The seductiveness of the simple word


What has surprised me in the last few weeks is the wonder in some quarters at the outcomes of two, ostensibly at least, very different by-elections. In Clacton-on-Sea, the result delivered to the people of Great Britain its first UKIP MP. Nigel Farage hailed the election of Douglas Carswell as “a shift in the tectonic plates of British politics”. In a very different constituency in the west of Ireland the people, using the PRSTV system, elected Michael Fitzmaurice, who although receiving the second highest number ones, quickly overtook the pre-election favourite to eventually enjoy a comfortable finishing margin. Fitzmaurice may be called by some, the ‘Son of Ming’ but in many ways he is much more reflective of the demographic of the rural, under-developed constituency than his predecessor. Luke ‘Ming’ Flanagan with his typical flair for the dramatic, echoed the UFC Cage Fighter Conor McGregor, when he announced to those assembled in the Count Centre that ‘We are not here to take part, we are here to take over’. Fitzmaurice also has that rare ability to compose melodic phrases that resonate with the wider public; in his acceptance speech he declared that he was ‘a man of the soil’, a simple, powerful and almost pagan expression worthy of Kavanagh or Heaney.

Simple language can be powerful and a powerful message can often hang on its simplicity. The seductiveness of the simple language that Nigel Farage et al use is difficult to counter. Nationalist and Populist parties can thrive in the atmosphere that pervades the political landscape of Western Europe presently. Protests against austerity are springing up everywhere. Where once we had flash mobs we now have flash rebellions

It is perplexing how ordinary people throughout the United Kingdom think they can relate to this privately educated former banker. Are people really politically engaged when they vote for character driven Candidates who trade on their carefully manufactured personas? Surely this new politics is not sustainable? Recently a caller telephoned a radio show in the UK and said he’d voted for UKIP. When the presenter asked him why he had voted for them, the caller couldn’t name a single policy of UKIP. Sinn Fein still make promises here following on from the auction politics that reached its heights in 2011. When Sinn Fein Candidate Cathal King realised he was losing the Dublin SW televised debate on TV3, he hastily promised SF would abolish water charges. Unfortunately this abolition wasn’t part of the Sinn Fein Manifesto. Their policy proclaimed that they were opposing charges, but opposing is well short of abolishing. SF are learning that if you want to be serious about getting into power you have to have more than just populist policies, you must have policies that will survive retrospective spotlight.  Unfortunately Cathal King reverted to default mode when put under pressure by the Anti-Austerity-Alliance Candidate, Paul Murphy.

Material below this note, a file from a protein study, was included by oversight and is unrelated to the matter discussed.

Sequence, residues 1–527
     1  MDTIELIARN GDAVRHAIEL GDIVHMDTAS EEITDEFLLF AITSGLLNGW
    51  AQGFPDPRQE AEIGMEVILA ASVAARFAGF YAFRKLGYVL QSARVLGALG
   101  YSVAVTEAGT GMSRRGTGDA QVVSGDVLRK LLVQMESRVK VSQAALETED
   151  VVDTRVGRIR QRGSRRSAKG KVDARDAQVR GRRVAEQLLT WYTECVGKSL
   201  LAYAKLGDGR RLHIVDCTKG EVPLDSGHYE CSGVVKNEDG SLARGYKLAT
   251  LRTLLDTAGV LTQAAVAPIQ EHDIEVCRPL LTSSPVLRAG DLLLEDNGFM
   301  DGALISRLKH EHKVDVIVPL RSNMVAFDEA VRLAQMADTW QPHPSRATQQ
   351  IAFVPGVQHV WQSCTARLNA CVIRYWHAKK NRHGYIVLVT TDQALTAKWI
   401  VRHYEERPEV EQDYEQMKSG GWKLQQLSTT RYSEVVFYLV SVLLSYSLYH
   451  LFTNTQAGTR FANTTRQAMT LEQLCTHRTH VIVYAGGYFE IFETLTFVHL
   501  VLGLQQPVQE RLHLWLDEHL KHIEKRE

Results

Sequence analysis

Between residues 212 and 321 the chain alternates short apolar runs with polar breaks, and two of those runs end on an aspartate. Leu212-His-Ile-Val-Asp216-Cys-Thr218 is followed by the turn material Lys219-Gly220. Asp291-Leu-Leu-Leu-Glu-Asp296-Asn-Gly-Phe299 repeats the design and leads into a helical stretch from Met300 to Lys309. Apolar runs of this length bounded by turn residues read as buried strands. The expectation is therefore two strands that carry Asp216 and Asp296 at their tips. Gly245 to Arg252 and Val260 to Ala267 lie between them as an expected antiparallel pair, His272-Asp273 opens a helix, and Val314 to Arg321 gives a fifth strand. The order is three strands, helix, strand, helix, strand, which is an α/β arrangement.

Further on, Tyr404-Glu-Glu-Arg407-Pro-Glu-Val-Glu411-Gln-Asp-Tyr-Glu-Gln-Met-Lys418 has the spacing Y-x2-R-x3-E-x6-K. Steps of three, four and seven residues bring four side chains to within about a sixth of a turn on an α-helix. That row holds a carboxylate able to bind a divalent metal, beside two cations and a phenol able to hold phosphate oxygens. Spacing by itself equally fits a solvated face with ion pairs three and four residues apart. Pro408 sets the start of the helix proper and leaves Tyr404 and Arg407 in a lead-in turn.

The results in the Irish By-elections were not good for any of the main parties. Fianna Fail, Labour and Fine Gael combined have less than 30% of the votes in Dublin SW. Fianna Fail on the other hand are not making promises but it’s limited improvements show that in the current climate people do not have the patience to engage with them or forgive them for been at the helm when the country went down the tubes. Michael Martin put in a huge personal effort in Roscommon / South Leitrim knocking on doors all over the Constituency. Unfortunately while he was well received his Candidate wasn’t and at the end of the day it was not Michael Martins face on the ballot paper. Young Emmet Corcoran debated well and showed a passion that was largely absent from the race. He had one or two ideas that unfortunately will never see the light of day. Roscommon has done strange things over the years, electing and dumping Sean Doherty and Brian Lenihan, and for years returning the committed Socialist Jack McQuillan. This time around they elected a man that isn’t even from the constituency.

An absentee TD you might think yet of all the candidates, Fitzmaurice, who came into the race later than anyone, had by far the widest appeal. The Glinsk native resonated with the largely rural area, and whilst people outside Roscommon mightn’t have heard of him, he already had a profile. He had a passion & charisma that motivated a merry band of canvassers, not just constituents, but many from counties such as Longford Galway to take to the few highways and many byways of Roscommon and Leitrim. On the debates he stayed well out of trouble.  One point that he made concerned the River Shannon which defines (and often floods) this area. For many years there have been plans to divert water from the Shannon to Dublin. The point made, a tad clumsily but made nonetheless, was why, oh why, can they not get clean water into the taps of Roscommon, when at the same time they can divert millions of gallons of ‘our’ water to the big City? Maybe the answer is that there isn’t the political will to invest in rural Ireland. Fitzmaurice’s argument pits the classic urban needs v rural necessities. Fitz plays the role of the boy in the ‘Emperor’s New Clothes’ pointing out the obvious to a blinded audience. The seductiveness of the simple answer is very difficult to counter?

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